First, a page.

A frequent problem with Black Library books focusing upon traitor astartes is that they tend to stick to the legions. Major series and titles with Chaos space marines as the focus characters tend to focus upon Iron Warriors, Night Lords, Word Bearers and the others. Blood Gorgons is a big exception to this as its warband was not only founded long after the Horus Heresy but as far from traditional traitor marines as you can imagine.
The novel shows the Blood Gorgons in a time of crisis. Along with the sudden loss of their chapter master and the warband being on the brink of civil war, one of their vital recruitment worlds has come under attack. A virulent plague has begun to sweep through the planet’s occupants, slaughtering them en mass and reanimating their corpses as savage murderers. Even as Bond-Brother Barsabbas’ unit is sent to investigate, they face their darkest hour finding new foes at every turn.
The novel’s biggest selling point is the Blood Gorgons themselves. With the sheer amount of time it spends fleshing out their traditions, attitudes, personalities and characteristics it needed to be well thought out. Thankfully this was delivered upon this in full giving a force which is quite unlike that found within many novels.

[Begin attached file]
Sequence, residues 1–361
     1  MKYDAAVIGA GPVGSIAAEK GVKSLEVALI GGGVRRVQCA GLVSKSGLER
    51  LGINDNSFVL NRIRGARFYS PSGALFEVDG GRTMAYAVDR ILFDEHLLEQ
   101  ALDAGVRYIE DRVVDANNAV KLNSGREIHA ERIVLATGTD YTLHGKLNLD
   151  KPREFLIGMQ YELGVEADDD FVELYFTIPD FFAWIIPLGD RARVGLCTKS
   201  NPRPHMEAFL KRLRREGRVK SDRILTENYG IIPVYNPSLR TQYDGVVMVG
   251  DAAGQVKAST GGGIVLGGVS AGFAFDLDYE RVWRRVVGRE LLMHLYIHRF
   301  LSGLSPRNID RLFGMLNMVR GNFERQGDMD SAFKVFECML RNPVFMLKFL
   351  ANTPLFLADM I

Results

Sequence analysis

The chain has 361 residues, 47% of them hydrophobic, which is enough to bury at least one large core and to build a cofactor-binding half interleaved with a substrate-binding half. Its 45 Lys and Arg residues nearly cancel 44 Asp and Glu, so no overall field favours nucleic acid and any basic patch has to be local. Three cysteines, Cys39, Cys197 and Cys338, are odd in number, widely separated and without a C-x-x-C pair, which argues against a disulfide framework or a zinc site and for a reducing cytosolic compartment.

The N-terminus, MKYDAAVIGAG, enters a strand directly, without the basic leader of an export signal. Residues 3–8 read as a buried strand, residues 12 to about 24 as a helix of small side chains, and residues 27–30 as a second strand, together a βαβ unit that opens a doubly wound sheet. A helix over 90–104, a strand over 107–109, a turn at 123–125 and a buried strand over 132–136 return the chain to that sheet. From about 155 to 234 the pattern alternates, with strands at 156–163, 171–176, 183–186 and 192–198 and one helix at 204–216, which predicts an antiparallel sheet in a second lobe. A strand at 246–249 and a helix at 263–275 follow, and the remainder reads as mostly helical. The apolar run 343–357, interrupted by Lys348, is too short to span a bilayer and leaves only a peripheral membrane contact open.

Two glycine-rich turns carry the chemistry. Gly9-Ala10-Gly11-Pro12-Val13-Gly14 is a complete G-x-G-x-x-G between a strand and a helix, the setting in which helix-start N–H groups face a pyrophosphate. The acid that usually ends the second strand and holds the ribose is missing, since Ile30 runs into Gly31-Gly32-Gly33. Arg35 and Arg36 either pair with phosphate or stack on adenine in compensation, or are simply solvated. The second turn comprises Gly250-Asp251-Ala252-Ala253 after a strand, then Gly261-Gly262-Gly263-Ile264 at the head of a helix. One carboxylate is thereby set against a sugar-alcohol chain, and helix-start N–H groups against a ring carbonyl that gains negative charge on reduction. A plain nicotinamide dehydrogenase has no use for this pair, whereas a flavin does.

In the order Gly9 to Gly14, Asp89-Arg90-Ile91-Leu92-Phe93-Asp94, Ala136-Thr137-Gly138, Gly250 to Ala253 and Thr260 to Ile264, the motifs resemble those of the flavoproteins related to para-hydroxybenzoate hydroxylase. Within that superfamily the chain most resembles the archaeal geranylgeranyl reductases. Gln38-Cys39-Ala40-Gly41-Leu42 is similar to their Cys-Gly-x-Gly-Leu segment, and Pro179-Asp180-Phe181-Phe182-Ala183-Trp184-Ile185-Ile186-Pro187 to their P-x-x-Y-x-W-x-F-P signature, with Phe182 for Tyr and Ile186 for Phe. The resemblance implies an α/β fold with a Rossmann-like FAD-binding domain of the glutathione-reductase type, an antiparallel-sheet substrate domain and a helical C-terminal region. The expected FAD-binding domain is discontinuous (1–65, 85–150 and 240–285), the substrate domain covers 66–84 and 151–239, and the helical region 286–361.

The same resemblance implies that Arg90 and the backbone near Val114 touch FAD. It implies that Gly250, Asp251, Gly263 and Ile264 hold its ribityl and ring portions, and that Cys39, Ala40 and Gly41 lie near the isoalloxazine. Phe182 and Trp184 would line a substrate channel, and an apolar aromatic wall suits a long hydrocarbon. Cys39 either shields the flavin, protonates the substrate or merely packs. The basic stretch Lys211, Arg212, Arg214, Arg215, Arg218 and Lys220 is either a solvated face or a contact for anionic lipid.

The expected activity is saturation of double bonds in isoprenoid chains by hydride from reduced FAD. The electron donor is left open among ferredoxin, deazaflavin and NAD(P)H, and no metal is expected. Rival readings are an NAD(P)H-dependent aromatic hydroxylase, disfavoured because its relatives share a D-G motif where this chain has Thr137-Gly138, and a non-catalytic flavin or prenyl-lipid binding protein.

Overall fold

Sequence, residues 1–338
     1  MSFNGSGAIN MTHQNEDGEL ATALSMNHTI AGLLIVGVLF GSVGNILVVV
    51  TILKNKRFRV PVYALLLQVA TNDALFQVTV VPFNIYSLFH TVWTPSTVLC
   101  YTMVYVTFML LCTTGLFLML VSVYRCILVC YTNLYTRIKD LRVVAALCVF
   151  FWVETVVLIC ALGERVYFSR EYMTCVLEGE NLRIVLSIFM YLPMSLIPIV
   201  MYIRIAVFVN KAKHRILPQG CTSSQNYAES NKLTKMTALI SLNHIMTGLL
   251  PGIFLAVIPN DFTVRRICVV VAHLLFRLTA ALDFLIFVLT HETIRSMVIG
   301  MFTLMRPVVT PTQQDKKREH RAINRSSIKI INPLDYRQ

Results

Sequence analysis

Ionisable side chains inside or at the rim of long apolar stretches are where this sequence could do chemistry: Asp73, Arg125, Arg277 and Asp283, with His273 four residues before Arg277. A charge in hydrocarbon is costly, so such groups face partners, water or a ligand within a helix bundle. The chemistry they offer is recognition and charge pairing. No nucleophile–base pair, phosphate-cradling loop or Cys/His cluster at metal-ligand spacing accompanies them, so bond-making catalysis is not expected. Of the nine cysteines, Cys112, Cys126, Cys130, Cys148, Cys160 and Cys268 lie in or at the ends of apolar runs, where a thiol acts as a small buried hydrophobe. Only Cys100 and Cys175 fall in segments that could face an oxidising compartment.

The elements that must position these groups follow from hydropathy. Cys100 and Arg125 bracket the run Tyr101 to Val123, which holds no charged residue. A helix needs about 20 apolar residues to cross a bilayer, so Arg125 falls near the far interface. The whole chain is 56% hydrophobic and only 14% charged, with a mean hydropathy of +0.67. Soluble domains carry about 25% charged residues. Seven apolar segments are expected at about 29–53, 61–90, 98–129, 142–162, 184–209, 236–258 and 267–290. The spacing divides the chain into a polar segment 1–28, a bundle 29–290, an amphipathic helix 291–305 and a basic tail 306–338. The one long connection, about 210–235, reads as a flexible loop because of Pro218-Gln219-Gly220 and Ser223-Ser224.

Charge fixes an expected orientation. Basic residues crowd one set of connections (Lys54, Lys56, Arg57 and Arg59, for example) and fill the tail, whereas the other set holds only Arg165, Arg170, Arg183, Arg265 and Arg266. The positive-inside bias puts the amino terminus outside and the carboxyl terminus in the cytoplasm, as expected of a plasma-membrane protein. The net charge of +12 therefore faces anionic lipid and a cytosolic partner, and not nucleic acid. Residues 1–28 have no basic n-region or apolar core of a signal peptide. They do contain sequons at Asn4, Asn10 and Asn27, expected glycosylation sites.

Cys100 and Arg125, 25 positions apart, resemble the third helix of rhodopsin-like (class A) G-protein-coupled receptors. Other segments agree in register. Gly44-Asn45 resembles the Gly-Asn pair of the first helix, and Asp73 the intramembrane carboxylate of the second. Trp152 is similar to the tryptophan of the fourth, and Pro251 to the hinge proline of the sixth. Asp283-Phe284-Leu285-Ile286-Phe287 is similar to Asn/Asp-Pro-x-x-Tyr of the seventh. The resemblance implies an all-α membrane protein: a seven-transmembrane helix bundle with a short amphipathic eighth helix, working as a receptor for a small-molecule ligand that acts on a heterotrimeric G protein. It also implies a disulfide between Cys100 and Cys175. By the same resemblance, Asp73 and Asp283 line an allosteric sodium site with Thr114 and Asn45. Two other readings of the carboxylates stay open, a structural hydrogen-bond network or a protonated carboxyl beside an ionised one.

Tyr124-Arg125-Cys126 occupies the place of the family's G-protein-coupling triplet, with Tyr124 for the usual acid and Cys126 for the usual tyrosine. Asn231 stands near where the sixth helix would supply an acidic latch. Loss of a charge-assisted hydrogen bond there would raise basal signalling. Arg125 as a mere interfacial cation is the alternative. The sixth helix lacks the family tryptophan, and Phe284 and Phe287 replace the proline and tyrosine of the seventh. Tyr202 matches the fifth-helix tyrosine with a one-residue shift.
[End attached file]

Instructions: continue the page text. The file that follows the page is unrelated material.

While they are clearly scavengers, pirates and traitors they have an oddly twisted version of rules and aspects which would usually be found within a loyalist chapter. While they don’t have an empire, they retain recruitment worlds which they protect. While they avoid having subjects and worshippers; they have artificers, smiths and servants who are loyal in the manner serfs are. While they are fractious, they have a sense of in-built loyalty to one another as a result of Chaos rituals. While they venerate a figure as their patron deity, they do not treat him as a god or blindly worship him.
The book goes through stage by stage in exploring what they are from the viewpoint of everyone. Right from those who lead them to the slaves who are vital to keeping the chapter equipped, then using them to explore what separates them from both the Imperium and those who reside in the Eye of Terror.
Even some of the factions who are introduced a considerable way, those threatening the recruitment world, in get some surprisingly detailed explorations as to whom they are. Something which they desperately needed at the time the book was produced.